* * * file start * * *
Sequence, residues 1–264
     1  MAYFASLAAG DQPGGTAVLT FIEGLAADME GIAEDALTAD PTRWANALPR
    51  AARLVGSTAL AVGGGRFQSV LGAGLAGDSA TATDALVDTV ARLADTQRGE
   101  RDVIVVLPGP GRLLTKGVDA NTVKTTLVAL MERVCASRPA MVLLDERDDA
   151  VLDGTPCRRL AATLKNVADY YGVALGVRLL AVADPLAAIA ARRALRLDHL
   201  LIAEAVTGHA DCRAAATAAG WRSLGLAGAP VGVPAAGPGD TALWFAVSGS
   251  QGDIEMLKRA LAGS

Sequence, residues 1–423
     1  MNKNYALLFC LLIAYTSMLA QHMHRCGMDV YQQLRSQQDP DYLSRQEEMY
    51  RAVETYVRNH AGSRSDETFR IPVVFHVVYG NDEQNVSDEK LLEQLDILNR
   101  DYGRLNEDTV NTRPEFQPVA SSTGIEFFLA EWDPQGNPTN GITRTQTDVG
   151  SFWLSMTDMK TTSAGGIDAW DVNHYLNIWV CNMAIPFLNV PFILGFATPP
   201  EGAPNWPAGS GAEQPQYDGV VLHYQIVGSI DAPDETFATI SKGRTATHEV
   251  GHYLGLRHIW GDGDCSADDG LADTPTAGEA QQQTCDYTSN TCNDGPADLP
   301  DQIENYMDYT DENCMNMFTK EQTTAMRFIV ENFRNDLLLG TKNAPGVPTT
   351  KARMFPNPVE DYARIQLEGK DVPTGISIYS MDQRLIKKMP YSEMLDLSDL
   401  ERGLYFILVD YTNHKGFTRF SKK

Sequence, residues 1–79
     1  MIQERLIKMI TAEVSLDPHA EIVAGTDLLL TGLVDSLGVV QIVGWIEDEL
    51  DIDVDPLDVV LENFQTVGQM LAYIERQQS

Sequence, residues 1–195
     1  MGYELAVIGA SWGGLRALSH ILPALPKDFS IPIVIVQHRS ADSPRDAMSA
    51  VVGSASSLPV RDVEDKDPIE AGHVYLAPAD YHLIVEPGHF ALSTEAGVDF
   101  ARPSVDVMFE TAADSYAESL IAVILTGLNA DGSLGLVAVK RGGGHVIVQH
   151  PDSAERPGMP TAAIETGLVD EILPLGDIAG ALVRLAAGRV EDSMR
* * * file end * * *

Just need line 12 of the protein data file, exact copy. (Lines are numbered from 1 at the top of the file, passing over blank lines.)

   151  SFWLSMTDMK TTSAGGIDAW DVNHYLNIWV CNMAIPFLNV PFILGFATPP